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Judge Tentatively Refuses To Dismiss Toyota Suits

Federal judge inclined to let personal injury and wrongful death lawsuits against Toyota move forward heard arguments from Toyota attorneys hoping to dissuade him.

SANTA ANA, Calif. (AP) -- A federal judge who said he's inclined to let personal injury and wrongful death lawsuits against Toyota Motor Corp. move forward heard arguments Thursday from Toyota attorneys hoping to dissuade him.

U.S. District Judge James V. Selna issued a preliminary opinion Wednesday denying the automaker's motion to dismiss key causes of action in 51 lawsuits. He heard further arguments Thursday but did not indicate when he would make his final order.

If it's finalized, Selna's tentative order would be a victory for plaintiffs suing Toyota for negligence, design defects, failure to warn and fraudulent concealment.

Hundreds of lawsuits have been filed since the Japanese automaker starting recalling millions of vehicles because of sudden-acceleration problems in several models and brake defects with the Prius hybrid.

Toyota maintains the plaintiffs have been unable to prove that a design defect -- namely its electronic throttle control system -- is responsible for vehicles surging unexpectedly. It has blamed driver error, faulty floor mats and sticky accelerator pedals.

Last month, Selna ruled he would not dismiss lawsuits files by car owners who claimed sudden-acceleration defects caused the value of their vehicles to plummet.

The judge is overseeing the economic class action and the personal injury lawsuits in the massive litigation that was consolidated in federal court in Orange County.

Mark Robinson, an attorney for personal injury plaintiffs, said Selna appeared unswayed by the arguments of Toyota attorneys during Thursday's hearing. If so, the "plaintiffs' ship is still afloat," Robinson said.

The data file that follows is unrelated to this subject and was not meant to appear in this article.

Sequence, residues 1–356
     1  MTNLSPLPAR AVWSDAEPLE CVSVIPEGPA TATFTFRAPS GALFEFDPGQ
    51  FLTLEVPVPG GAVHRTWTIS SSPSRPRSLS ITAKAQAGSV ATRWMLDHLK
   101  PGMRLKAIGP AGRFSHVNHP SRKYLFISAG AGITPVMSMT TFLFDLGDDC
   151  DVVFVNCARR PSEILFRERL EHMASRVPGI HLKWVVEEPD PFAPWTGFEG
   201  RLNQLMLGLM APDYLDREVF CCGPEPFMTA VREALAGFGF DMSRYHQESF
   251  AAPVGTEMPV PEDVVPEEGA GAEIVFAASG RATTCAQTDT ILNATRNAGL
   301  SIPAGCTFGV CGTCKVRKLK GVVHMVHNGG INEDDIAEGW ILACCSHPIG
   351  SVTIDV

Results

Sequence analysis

Messages seeking comment were left Thursday for the automaker's attorneys.

Toyota spokeswoman Celeste Migliore released a statement after Thursday's hearing.

In it, Toyota noted that the tentative ruling assumes the plaintiffs' allegations are true and said it was happy Selna will allow depositions of some plaintiffs so Toyota can learn more about their cases.

Toyota said after last month's ruling that as the case progresses, evidence will show its electronic throttle control system is safe.

It also said so-called "bellwether trials" -- a sampling of cases that go to trial first from within the larger litigation -- will help Toyota "bring closure to the critical science issues" that underlie key allegations in the cases.

The company has recalled more than 10 million vehicles worldwide over the last year. The National Highway Traffic Safety Administration said it has received about 3,000 reports of sudden acceleration from Toyota drivers in the past decade, including 93 deaths. The government, however, has confirmed only four deaths from one crash.

In September, Toyota paid an undisclosed amount to settle a lawsuit with the relatives of four people killed last year in a high-speed crash near San Diego when a driver was unable to stop a runaway Lexus. That crash galvanized attention around possible safety flaws in some Toyota models.
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